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Update(MM/DD/YYYY):08/21/2019

Elucidation of the Mechanism of Action of Anti-Hepatitis B Virus (HBV) Drug and the Mechanism of Drug Resistance Using HBV Reverse Transcriptase (RT)-Chimeric Human Immunodeficiency Virus RT


Researchers: Yoshiaki Yasutake, Senior Researcher, Applied Molecular Microbiology Research Group, Bioproduction Research Institute


Summary

Using hepatitis B virus (HBV) reverse transcriptase (RT)-chimeric human immunodeficiency virus (HIV) RT, the researchers in AIST elucidated the mechanism of action of entecavir, a potent nucleoside analog drug for hepatitis B treatment, and the mechanism of drug resistance to entecavir, in collaboration with the National Center for Global Health and Medicine Research Institute.

Figure
Structure of a modified reverse transcriptase of HIV bonded with entecavir


Background

For hepatitis B treatment, nucleoside analogs such as entecavir (ETV) have been used to block the action of RT, thereby inhibiting the infectivity and replication of HBV. As in the case of treatment of HIV infection, HBV variants resistant to such nucleoside RT inhibitors (NRTIs) emerge in NRTI-receiving individuals. New hepatitis B drugs that are effective against the drug-resistant HBVs and resist to the emergence of drug resistance are needed. However, HBV RT is unstable, making it highly difficult to solve its three-dimensional structure, hindering the development of new anti-HBV therapeutics.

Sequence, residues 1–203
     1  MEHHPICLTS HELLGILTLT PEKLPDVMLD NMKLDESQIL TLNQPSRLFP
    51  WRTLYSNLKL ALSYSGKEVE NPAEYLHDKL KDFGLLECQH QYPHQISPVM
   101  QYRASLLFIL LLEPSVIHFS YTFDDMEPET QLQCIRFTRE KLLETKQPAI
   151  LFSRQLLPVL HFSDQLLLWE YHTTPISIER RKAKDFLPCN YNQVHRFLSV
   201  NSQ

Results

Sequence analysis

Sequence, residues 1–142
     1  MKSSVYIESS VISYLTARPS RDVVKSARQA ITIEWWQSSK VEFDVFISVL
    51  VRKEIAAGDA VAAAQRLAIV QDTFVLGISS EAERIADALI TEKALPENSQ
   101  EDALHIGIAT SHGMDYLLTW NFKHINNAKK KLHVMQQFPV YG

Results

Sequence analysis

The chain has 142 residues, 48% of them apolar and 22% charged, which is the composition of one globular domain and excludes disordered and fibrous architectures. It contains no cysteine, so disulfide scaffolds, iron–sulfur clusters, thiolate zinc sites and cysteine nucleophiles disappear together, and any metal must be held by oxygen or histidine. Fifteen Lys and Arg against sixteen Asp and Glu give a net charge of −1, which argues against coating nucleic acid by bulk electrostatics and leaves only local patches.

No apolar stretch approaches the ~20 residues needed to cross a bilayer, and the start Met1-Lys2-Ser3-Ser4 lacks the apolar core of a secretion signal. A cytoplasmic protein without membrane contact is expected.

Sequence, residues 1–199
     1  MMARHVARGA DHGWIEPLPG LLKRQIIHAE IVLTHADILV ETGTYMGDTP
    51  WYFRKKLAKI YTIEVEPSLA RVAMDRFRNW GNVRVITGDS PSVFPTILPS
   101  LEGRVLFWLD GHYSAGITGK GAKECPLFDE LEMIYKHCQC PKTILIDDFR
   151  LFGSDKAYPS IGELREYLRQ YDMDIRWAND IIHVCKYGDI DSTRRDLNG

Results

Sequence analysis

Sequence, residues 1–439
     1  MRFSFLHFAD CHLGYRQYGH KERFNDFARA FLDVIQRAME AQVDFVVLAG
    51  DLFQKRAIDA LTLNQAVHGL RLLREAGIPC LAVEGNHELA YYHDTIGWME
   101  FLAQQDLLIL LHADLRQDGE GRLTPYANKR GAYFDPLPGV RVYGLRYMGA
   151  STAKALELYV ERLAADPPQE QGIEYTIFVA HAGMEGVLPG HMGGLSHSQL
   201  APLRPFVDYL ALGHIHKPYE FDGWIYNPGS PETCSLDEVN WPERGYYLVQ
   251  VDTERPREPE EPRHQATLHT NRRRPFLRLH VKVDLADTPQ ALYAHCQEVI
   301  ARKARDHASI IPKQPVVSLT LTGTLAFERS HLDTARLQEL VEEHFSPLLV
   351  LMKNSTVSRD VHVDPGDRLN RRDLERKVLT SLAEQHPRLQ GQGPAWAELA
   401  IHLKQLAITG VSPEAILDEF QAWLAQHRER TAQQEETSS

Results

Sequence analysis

New findings

HIV RT is fairly stable and the structure of its active site resembles that of HBV RT. The researchers generated a modified HIV RT (HBV RT-chimeric HIV RT) that binds to ETV and successfully analyzed its three-dimensional structure. They found that hydrophobic interactions of ETV are critical for its entry and binding to the active site of the chimeric RT. They also found that due to a hydrophobic interaction with the bottom of the active site, ETV bonds stably to the chimeric RT and inhibit its activity. In RT of an ETV-resistant HBV variant, the bottom of the active site turns into a small amino acid. The data explain how HBV acquires drug-resistance, i.e., ETV no longer stably bonds to HBV RT.

Future plans

The researchers will further generate various modified HIV RT species that more closely resemble HBV RT, analyze their drug sensitivity, and the bonding mechanism of other nucleoside analog drugs, which should give insights into the design and development of new therapeutics to treat HBV infection.






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